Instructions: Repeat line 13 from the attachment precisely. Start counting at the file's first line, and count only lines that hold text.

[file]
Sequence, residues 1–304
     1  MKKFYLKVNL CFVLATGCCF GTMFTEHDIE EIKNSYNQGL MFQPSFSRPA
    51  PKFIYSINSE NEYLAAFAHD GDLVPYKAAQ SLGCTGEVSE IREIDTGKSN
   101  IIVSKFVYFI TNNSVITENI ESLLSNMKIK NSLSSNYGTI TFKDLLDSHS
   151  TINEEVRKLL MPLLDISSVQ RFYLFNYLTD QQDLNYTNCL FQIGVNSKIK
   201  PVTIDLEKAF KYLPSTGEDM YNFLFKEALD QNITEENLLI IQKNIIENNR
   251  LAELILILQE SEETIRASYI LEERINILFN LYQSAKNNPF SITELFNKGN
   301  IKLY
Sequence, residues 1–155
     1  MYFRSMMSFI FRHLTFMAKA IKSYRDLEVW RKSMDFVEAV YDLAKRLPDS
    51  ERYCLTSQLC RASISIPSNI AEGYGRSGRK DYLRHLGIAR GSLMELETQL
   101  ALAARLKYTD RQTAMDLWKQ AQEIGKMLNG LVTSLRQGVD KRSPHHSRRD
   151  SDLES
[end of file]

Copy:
   151  SDLES